MIT’s vaccine-enhanced CAR-T therapy destroys solid tumors

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The addition of cancer vaccines may finally unlock CAR-T cell therapy, a revolutionary treatment for blood cancers, against the most common type of cancer, solid tumors.

Treatment: CAR-T cell therapy begins when a doctor extracts a special type of immune system cell, a T cell, from a patient’s blood. Cells are then engineered to display proteins (called “chimeric antigen receptors” or CARs) that attach to proteins called antigens on cancer cells.

When the cells are injected into a patient, CAR binds to cancer cells and T cells help the immune system attack.

Challenge: CARs are designed to bind one specific antigen. For example, a doctor may treat a lymphoma patient with her CAR-T cell therapy that binds to an antigen called “CD19.” This is because this antigen is common and highly specific for that type of blood cancer.

However, researchers have been unable to identify antigens common to solid tumor cells that are not present in healthy cells.

“In principle, this should apply to any solid tumor.”

Darrell Irvine

This is the main reason why the only approved CAR-T cell therapies are all targeting blood cancers. Another problem is that tumors are surrounded by chemicals that block the immune system, blocking the T cells that find them.

Cancer cells may evolve during CAR-T cell therapy and stop displaying the target antigen. This phenomenon, known as ‘antigen loss’, is also problematic in the treatment of hematologic cancers, where disease can persist despite treatment.

what’s new? MIT researchers have now found that a combination of CAR-T cell therapy and a cancer vaccine can kill two types of cancer: glioblastoma, a fast-growing brain tumor, and melanoma, the most serious skin cancer. We have demonstrated how it enhances efficacy in mice with solid tumors.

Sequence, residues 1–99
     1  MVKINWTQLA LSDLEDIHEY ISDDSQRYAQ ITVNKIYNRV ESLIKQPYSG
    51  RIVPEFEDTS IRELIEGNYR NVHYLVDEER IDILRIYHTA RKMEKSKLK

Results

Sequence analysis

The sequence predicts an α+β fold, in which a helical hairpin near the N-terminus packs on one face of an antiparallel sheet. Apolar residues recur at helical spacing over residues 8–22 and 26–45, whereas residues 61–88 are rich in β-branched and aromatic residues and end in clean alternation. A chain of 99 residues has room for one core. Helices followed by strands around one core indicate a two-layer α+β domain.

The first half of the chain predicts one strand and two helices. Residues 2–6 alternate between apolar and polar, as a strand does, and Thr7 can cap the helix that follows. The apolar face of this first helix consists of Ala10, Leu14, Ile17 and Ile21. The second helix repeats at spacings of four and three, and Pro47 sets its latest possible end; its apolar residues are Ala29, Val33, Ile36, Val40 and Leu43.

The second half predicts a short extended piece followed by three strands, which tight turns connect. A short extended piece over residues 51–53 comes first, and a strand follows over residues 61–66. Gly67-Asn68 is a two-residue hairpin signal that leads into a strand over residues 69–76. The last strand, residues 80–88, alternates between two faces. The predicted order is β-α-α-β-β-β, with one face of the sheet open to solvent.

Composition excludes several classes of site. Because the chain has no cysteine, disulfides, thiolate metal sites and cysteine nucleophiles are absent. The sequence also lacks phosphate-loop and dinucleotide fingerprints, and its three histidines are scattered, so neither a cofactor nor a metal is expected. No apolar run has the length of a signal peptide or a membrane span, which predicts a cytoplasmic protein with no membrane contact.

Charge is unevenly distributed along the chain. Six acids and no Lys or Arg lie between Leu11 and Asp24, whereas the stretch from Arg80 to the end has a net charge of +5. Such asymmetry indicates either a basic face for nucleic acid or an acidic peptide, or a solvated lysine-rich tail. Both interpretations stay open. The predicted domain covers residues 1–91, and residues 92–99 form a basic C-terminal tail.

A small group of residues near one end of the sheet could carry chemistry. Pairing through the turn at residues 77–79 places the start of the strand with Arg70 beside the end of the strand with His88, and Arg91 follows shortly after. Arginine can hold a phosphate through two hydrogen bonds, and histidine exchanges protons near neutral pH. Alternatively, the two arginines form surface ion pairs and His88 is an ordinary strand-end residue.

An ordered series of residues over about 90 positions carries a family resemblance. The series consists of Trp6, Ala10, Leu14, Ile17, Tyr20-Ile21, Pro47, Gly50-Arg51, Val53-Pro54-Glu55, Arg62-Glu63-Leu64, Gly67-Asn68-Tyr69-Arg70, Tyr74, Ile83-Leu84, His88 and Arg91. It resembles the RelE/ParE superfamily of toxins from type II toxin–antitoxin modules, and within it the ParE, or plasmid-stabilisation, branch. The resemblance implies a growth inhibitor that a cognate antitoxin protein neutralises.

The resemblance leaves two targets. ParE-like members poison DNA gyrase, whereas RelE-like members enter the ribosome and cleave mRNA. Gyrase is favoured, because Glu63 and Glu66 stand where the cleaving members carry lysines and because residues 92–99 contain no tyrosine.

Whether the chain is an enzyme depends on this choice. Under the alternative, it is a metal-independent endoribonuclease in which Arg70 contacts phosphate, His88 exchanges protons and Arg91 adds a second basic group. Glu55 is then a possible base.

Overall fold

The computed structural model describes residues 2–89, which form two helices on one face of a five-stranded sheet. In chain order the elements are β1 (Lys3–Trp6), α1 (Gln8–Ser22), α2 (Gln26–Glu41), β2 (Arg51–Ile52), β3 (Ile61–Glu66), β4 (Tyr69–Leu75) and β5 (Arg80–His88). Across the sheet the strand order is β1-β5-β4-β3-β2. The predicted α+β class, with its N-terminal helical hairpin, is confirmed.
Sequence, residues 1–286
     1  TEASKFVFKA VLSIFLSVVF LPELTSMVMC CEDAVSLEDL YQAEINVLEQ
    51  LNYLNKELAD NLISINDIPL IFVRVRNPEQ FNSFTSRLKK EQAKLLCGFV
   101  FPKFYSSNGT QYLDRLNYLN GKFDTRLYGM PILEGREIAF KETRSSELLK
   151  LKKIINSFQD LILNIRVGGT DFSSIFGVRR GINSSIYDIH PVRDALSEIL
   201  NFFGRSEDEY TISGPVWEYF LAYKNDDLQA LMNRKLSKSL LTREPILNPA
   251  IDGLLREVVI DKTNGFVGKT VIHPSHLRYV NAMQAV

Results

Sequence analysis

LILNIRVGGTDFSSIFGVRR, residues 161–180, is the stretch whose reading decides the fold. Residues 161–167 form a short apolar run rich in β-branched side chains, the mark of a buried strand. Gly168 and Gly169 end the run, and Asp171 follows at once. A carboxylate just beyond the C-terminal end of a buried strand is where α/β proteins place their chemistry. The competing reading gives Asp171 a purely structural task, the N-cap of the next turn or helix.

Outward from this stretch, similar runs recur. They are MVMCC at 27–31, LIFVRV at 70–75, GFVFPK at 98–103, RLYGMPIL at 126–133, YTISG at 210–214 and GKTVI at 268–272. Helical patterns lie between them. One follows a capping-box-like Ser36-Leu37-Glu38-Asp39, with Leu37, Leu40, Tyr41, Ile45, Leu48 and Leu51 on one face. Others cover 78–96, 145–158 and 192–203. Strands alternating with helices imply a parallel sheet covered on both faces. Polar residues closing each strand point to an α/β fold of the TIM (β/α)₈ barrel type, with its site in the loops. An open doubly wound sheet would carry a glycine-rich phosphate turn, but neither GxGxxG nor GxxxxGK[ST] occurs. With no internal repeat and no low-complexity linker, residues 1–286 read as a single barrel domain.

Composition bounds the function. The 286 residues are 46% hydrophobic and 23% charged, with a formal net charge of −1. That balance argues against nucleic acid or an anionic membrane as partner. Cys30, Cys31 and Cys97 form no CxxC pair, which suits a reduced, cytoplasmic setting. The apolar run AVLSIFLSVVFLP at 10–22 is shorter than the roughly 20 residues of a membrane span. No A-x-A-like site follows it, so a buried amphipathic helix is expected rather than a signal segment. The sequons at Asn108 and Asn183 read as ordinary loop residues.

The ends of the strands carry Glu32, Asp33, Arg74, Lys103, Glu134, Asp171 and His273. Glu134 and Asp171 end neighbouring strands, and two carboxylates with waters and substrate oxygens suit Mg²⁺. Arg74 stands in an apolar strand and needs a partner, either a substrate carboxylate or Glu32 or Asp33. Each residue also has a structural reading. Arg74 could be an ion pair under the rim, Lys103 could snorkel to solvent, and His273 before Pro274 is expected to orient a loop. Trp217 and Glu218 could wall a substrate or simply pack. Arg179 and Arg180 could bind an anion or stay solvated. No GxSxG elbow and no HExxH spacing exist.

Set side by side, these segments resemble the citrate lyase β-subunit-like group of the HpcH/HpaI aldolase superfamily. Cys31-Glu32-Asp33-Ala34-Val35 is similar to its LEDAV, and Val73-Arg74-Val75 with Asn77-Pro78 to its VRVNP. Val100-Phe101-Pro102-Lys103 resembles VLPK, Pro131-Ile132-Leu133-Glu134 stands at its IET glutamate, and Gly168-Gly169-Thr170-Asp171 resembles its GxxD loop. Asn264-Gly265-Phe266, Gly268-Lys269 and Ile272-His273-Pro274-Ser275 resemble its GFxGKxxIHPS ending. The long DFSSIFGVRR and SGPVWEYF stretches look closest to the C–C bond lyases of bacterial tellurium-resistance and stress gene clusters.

“In principle, this should apply to solid tumors that have generated CAR-T cells that could potentially target them,” said lead author Darrell Ervin.

Cancer vaccines helped attack tumor cells with CAR-T cell therapy.

background: In 2019, an MIT team treated a mouse model of glioblastoma with CAR-T cell therapy. It targets a mutant form of the EGFR receptor present in many, but not all, glioblastoma cells. A cancer vaccine containing the same antigen was then administered.

The researchers found that this not only helped CAR-T cell therapy attack tumor cells with the EGFR antigen, but also generated more T-cell-targeting cells in the body. other Antigen on glioblastoma cells.

“This vaccine boost appears to drive a process called antigen spreading, in which one’s own immune system cooperates with engineered CAR T cells to target antigens that the CAR T cells target. It rejects tumors that are not all expressing cells,” said Professor Irvine.

up to date: In a new study published in Cell, researchers tested a combination of CAR-T cell therapy and cancer vaccines in mouse models of glioblastoma and melanoma.

Researchers have found that the vaccine appears to cause changes in CAR-T cells, causing them to produce more of a substance called “interferon gamma.” This may stimulate the body’s natural immune system and help it overcome the hostile environment around the tumor.

The researchers also found that when CAR-T cells killed cancer cells, intact T cells in mice learned to: other Antigens on cancer cells were a red flag. They then seek out and attack cancer cells. Them antigen.

These approaches could dramatically increase the number of patients receiving CAR-T cell therapy.

From this new study, the MIT team also found that the efficacy of vaccine-enhanced CAR-T cell therapy is closely linked to the prevalence of target antigens in tumor cells.

For example, if 50% of mouse cancer cells express the target antigen, there is a 25% chance of complete eradication of a rodent tumor. However, if 80% of the cells express the antigen, the probability of eradication increases to 80%.

Future outlook: The MIT team has already licensed the technology for use in research to Boston-based biotech firm Elicio Therapeutics, which is currently preparing the treatment for clinical trials.

Meanwhile, other groups use young T cells, genetically modify them to be more robust, and combine them with cancer-killing viruses to make CAR-T cell therapy a viable option in the treatment of solid tumors. are working to make

Given that solid tumors account for 90% of all adult cancers, any of these approaches, if successful, could dramatically increase the number of patients receiving CAR-T cell therapy, and hopefully The number of patients going into remission after treatment may also increase.

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